Government gives Theresa May two weeks to solve Border issue

Tánaiste says EU Brexit group must receive written plans in advance of crunch summit

British prime minister Theresa May has two weeks to table written proposals on how to solve the Irish Border issue in order to avoid a Brexit crisis at a crucial EU summit later this month, the Government has said.

Tánaiste Simon Coveney says the European Union taskforce, led by Michel Barnier, must receive detailed proposals in writing from the British government within a fortnight.

This would allow time to debate and discuss the proposals ahead of the European Council meeting on June 28th and 29th. The Government has said substantial progress on the Border, including the so-called "backstop", must be made by this summit.

“In the next two weeks, we need to see written proposals,” Mr Coveney told The Irish Times. “It needs to happen two weeks from the summit.”


Mr Coveney's warning reflects increasing exasperation in Dublin and Brussels that no firm proposals have emerged from London, with just weeks until the summit.

Taoiseach Leo Varadkar, Mr Coveney and other senior Ministers such as Minister for Finance Paschal Donohoe have repeatedly told their UK counterparts that such proposals are needed soon.

“There’s a new idea or solution being mooted every week,” said a senior Government source, adding that Dublin was only “interested in proposals that are written down”.

“On paper like. Or on a screen. We are at legal text stage. We need legal texts to draft and debate.”

‘Buffer zone’

A leaked proposal on Friday from UK Brexit secretary David Davis – that would give Northern Ireland joint UK and EU status so it could trade freely with both, as well as a "buffer zone" to eliminate the need for border checkpoints with Ireland – was dismissed by Government figures.

The latest proposals were also dismissed by the Democratic Unionist Party which urged its Conservative partners in the UK government to stop coming up with “half-cooked ideas” on how to deal with the Border question.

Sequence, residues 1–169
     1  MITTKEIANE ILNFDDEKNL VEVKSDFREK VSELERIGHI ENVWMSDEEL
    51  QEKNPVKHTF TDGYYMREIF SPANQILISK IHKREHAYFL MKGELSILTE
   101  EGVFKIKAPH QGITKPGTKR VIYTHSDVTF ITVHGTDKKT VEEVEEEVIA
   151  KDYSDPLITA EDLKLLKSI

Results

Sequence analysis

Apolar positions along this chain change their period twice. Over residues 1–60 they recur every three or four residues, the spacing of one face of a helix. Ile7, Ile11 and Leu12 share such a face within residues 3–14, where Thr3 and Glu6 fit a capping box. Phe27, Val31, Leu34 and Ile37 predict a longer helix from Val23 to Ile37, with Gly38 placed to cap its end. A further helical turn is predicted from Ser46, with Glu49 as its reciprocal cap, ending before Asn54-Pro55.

The party’s East Antrim MP Sammy Wilson said on Friday that none of the mooted proposals had been discussed with his party. He described them as “at best contradictory”.

On the buffer zone, one Government source in Dublin said it only moved a potential physical border, rather than ensuring that no physical border would be in place after Brexit.

The UK and EU are due to agree a withdrawal agreement, including the Irish backstop, by October, but the Government has warned this will be thrown into doubt unless substantial progress is made this month.

The backstop – which would ensure no divergence in customs and trade rules between the Republic and Northern Ireland without agreed solutions on how to avoid a hard border – was agreed in principle in December, although the UK has rejected the EU's legal interpretation of it.

“If there is no progress on the backstop, we are in for an uncertain summer,” Mr Coveney said. “At this point we need written proposals on the Irish backstop consistent with what was agreed. We await written proposals from the British side.”

Labour leader Brendan Howlin questioned the value of any further discussions until Ms May secured the support of the House of Commons for a defined negotiating position. Fianna Fáil Brexit spokeswoman Lisa Chambers said the backstop was still required and progress must be made at the June summit.